|The present: The harridan who lacks sympathy|
|The present: A young man is forced to make a choice|
The middle section from Kiarostami allows for gentle verbal communication among strangers—some characters are polite even under trying circumstances, others aggressive and repugnant. As in the first segment, glances and visual appraisal of strangers are important –but with a difference, they are longer than in the Olmi segment. But each visual and now increasingly verbal appraisal is more detailed than in the previous segment. The movie has discretely begun to change its narrative pace. The segment encapsulates several vignettes: a man insisting that a stranger is calling on his cell-phone without his permission, two men who insist on being seated in their reserved seats occupied by strangers, a young man conversing with a young girl from his own Italian town who recalls having played with him years ago, and the harridan who making the life of young male companion increasingly miserable. The future and the past alluded to in the segment matter less than the present.
|The future: Decisions that can make a difference|
The final Loach section is about the future as grappled by three lower middle class football crazy Glasgow young men. One of the three well-meaning youngsters seems to have lost his ticket (it is possibly stolen) and has to pay a heavy fine or face jail in Rome if doesn’t pay up. The jail term in turn would affect their jobs they hold in Scotland. Another Albanian immigrant family has possibly stolen the ticket but need it more desperately to reach their destination as it affects their lives. This segment puts the future of the two groups in perspective, with and without the tickets.
Tickets is therefore interesting to appreciate as a well-structured movie made by three directors with similar attitudes to immigration, wealth, and military/police. Olmi’s brilliant Golden Palm winner The Tree of Wooden Clogs (1978), which he wrote, directed, edited and even personally photographed was also an endearing tale on immigrant farm labourers looking at the differences between the rich and the poor in rural Italy a century ago. In Tickets, Olmi looks at the same subject of immigrants from the point of view of the rich, prodding the rich to step out of dreamy comforting images of the past into the present tribulations of the poor. In Tickets, as Olmi advances in age, it is Olmi’s son behind the camera.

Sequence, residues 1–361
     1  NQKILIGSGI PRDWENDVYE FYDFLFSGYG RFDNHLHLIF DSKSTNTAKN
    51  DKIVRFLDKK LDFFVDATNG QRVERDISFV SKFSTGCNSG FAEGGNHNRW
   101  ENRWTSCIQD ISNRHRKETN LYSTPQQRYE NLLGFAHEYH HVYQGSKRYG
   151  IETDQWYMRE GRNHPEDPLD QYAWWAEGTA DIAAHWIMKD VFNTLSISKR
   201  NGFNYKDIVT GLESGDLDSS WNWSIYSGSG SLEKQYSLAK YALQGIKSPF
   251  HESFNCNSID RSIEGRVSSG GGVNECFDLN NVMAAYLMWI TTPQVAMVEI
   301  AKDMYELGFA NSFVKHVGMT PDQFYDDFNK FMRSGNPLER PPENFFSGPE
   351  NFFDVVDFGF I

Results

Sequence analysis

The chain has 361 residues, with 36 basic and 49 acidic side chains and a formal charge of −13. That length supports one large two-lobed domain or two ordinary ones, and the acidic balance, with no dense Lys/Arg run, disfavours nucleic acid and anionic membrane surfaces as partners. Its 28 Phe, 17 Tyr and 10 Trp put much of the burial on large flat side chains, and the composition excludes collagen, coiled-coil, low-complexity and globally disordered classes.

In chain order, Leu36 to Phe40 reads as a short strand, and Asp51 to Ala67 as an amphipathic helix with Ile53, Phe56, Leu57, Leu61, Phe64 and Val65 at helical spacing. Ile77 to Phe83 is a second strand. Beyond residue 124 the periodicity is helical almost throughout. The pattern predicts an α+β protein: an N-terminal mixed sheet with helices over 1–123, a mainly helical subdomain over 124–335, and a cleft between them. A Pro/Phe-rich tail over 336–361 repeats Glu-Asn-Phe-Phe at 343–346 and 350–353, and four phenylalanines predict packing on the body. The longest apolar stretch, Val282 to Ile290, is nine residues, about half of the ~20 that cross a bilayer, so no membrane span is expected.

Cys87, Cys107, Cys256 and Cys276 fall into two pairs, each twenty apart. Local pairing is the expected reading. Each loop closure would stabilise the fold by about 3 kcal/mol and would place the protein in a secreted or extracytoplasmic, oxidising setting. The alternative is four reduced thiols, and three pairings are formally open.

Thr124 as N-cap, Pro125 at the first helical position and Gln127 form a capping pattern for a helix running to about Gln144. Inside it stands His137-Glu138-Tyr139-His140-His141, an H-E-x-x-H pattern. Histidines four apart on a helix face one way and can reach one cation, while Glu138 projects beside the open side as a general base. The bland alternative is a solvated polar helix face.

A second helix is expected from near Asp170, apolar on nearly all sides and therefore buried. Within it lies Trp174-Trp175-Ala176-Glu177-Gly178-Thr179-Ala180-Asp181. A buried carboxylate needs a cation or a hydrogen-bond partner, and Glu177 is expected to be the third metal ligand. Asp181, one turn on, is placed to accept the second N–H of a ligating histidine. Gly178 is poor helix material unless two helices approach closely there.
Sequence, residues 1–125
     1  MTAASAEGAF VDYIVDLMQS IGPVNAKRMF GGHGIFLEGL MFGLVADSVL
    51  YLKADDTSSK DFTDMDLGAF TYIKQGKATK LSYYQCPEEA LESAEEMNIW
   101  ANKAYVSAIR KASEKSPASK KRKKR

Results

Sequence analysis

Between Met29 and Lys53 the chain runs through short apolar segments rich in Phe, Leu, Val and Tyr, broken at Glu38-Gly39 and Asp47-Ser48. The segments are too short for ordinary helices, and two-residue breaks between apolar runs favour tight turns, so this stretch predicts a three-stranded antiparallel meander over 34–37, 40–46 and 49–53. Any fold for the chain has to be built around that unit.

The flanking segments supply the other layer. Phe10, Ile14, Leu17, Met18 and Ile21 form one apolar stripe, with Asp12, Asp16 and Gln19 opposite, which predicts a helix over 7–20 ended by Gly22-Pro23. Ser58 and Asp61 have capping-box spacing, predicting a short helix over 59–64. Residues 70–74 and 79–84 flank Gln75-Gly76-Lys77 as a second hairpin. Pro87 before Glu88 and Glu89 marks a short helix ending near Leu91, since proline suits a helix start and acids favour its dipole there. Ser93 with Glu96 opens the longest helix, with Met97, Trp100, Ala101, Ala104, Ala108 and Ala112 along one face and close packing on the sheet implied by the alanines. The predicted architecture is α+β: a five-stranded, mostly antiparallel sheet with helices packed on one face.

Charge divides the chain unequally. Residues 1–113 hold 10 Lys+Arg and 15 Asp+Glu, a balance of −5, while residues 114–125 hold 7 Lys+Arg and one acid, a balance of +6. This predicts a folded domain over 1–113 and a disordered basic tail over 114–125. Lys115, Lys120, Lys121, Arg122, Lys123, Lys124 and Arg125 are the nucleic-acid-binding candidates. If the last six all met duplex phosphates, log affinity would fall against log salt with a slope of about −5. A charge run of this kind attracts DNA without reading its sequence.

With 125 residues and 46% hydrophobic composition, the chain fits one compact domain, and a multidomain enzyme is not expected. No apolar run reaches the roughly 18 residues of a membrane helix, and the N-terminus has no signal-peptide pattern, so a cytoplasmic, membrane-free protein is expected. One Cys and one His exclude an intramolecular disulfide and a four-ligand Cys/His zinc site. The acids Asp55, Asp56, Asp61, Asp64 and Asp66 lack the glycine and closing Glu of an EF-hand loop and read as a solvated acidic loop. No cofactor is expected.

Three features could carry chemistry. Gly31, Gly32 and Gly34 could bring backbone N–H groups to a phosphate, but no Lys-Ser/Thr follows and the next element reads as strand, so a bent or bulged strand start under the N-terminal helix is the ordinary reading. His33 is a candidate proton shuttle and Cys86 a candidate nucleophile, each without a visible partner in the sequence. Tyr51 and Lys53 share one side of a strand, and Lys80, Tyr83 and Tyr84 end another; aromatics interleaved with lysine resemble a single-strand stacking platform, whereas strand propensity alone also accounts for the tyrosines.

|The military and their lack of empathy towards poor Albanian immigrants|
Kiarostami’s segment in Tickets recalls his first film The Bread and Alley (1970) in which a child encounters a hungry dog while carrying fresh bread in an alley. If one chooses to replace the obnoxious woman in Tickets with the dog in The Bread and Alley, there are several parallels. The man behind the camera is another talented Iranian, Mahmoud Kalari, who was the cinematographer for Kiarostami’s Shirin and Gabbeh and the recent acclaimed Asghar Farhadi films The Past and A Separation.
The Loach segment in Tickets is considerably helped by the cinematography of Chris Menges and scriptwriter Paul Laverty. Laverty’s collaboration with Loach has always raised Loach’s cinema, just as scriptwriter Piesiewicz collaboration with Kieslowski raised the quality of the latter’s later works. Viewers who have seen Loach’s movie The Angels’ Share (2012) will note several similarities in Tickets , including two actors common to the two movies.
A philosopher would have given the film a title such as “The Train Journey” but the film is instead called Tickets. Money and wealth-related power can be associated with the purchase of Tickets.
Tickets is a ticket to evolved entertainment for an attentive and perceptive viewer.